APPARENTLY, THE WORD has just gotten to Athens, Ga., that television is a huge influence on college sports in general and college football specifically.
Although, gee, University of Georgia president Michael Adams was the last person in America to find this out.
You have to laugh when you hear Adams criticizing the BCS, because if you don't you have to cry. Not that there's anything inaccurate about his statement that, "The Bowl Championship Series has become a beauty contest largely stage-managed by the networks, which in turn protect the interests of their own partner conferences."
This grand revelation came to Adams, who is the chairman of the NCAA executive committee, because his two-loss Bulldogs finished fourth in the final poll and didn't get a shot at the national championship.
If Georgia had gotten into the title game, would Adams would be lodging his complaint?
Gee, it certainly hasn't bothered him that the BCS essentially denies the members of the five non-BCS leagues (along with a few independents) any shot at the national championship before the season even begins. Gee, it certainly hasn't bothered him that the six BCS leagues hog most of the TV money and leave the others out in the cold.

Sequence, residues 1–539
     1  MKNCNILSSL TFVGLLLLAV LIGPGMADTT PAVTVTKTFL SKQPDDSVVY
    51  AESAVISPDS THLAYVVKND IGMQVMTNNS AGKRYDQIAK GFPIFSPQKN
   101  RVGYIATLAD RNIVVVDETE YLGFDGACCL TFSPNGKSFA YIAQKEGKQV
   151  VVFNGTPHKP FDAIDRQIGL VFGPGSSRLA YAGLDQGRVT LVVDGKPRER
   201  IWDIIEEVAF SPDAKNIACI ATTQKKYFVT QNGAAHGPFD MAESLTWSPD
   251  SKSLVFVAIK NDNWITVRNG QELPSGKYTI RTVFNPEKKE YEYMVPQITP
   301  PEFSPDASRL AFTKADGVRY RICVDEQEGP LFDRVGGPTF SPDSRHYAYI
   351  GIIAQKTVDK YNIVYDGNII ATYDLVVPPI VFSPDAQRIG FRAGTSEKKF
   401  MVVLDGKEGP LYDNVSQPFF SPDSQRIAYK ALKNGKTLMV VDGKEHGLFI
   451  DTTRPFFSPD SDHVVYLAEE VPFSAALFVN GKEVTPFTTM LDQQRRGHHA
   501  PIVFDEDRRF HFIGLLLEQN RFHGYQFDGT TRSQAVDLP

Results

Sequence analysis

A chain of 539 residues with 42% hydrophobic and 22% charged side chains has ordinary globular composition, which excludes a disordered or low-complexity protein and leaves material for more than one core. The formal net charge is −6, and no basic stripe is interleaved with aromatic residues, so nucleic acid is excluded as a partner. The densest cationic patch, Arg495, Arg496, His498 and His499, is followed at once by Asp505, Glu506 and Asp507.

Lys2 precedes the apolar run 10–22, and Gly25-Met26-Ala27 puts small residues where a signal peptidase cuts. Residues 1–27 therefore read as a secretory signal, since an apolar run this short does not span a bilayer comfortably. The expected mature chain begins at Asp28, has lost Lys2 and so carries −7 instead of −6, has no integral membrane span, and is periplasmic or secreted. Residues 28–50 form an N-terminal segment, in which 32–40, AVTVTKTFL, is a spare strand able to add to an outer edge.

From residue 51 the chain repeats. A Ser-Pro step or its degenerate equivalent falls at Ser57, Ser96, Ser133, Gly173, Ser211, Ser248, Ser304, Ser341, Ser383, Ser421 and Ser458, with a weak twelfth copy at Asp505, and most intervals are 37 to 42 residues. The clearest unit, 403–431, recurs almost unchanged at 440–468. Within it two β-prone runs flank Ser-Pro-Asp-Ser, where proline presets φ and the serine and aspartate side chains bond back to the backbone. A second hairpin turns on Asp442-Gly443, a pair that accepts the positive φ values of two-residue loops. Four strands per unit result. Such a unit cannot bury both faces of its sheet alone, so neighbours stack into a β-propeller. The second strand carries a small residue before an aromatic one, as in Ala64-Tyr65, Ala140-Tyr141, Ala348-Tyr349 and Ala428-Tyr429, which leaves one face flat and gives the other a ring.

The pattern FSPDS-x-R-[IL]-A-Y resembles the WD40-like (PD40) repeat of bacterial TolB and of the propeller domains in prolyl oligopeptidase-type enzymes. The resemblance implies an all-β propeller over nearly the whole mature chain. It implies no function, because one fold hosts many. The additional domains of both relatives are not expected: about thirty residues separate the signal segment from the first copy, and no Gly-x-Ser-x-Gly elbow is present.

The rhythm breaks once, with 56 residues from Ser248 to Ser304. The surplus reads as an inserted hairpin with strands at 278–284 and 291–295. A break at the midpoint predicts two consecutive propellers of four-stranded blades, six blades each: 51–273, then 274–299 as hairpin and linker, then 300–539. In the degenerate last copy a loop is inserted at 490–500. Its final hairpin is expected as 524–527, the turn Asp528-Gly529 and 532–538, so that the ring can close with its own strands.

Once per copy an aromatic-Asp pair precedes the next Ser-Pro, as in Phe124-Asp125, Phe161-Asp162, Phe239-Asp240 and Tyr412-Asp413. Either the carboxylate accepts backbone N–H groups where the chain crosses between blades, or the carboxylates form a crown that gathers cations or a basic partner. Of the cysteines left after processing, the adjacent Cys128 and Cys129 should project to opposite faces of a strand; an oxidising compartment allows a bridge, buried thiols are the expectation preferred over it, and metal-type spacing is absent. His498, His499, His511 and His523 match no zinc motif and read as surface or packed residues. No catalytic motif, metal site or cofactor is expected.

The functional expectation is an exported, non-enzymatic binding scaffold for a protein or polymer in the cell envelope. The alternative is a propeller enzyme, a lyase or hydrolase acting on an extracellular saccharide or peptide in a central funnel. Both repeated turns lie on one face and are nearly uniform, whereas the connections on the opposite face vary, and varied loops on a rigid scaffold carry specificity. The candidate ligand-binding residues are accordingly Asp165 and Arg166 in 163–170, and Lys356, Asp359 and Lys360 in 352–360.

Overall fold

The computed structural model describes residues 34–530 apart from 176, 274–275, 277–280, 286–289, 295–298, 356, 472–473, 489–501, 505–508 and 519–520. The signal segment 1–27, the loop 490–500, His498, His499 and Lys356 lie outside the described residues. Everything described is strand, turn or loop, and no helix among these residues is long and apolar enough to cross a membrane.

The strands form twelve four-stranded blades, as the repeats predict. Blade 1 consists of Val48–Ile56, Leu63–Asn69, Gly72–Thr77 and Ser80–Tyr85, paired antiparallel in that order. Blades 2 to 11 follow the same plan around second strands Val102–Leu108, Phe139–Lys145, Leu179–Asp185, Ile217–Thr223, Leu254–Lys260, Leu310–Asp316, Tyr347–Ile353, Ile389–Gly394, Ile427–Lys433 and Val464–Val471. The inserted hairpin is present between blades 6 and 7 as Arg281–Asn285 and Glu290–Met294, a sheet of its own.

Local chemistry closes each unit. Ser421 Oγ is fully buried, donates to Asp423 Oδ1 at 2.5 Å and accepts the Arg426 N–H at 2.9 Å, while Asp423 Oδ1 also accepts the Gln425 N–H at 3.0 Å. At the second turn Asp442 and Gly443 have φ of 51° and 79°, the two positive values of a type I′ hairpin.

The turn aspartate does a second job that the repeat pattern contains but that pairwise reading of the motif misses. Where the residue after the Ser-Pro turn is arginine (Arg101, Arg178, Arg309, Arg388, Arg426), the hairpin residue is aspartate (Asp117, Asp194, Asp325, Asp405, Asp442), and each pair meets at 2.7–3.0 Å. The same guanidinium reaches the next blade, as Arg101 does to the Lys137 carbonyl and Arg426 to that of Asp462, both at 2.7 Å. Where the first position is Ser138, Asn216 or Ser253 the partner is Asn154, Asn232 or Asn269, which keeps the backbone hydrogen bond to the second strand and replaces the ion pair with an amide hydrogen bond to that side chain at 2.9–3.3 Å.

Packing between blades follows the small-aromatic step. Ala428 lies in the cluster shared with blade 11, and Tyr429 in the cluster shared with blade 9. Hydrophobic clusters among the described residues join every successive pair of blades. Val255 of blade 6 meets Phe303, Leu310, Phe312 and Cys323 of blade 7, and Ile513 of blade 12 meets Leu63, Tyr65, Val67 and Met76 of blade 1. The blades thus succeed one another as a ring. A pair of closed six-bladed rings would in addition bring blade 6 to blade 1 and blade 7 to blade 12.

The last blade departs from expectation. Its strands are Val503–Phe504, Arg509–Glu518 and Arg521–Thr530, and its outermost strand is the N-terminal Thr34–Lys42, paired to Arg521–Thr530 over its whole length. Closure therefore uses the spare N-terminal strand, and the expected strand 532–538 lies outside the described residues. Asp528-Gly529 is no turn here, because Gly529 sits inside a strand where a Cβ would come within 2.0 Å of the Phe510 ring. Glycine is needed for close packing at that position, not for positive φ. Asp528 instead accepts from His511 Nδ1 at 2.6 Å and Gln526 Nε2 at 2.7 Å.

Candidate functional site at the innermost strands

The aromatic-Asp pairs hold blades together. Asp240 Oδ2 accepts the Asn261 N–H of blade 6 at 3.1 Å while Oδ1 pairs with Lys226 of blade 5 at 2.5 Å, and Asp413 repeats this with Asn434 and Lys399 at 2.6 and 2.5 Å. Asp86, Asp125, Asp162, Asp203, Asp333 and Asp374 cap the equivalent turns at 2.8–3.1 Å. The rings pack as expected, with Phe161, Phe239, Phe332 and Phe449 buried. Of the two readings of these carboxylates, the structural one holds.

Gee, it certainly hasn't bothered him that his league, the SEC, not only has deals with CBS and ESPN but has more bowl tie-ins and, thus, more money than any other league.
Where was Adams when undefeated Utah and Boise State teams were shut out of the national championship picture?
Do you suppose he's concerned about the inherent unfairness to every team in the Mountain West, WAC, Conference USA, MAC and Sunbelt? Or is this all because of his poor, unfortunate Bulldogs?
(By the way, Georgia didn't win the SEC, so its claim to a berth in the title game seems, um, a bit weak.)
All that said, we should be rooting for Adams to succeed. Of course TV has too much influence. Of course TV decides bowl berths.
Adams couldn't have been more right when he said, "I think there is a lack of equity in the current system. I'd rather have our championships decided on the field by the student athlete."
But, quite frankly, he's probably putting too much of the blame for the current unfair system on the networks. If there was a football playoff, the competition among networks to telecast the games would bring in far more money than they're paying for the bowls.
And Adams' plan for an eight-team playoff is certainly a step in the right direction.But if that plan doesn't somehow include a way for the champions of all 11 Football Bowl Subdivision leagues to win their way into the playoff not hope to be somehow voted in by pollsters then Adams is just a self-serving crybaby.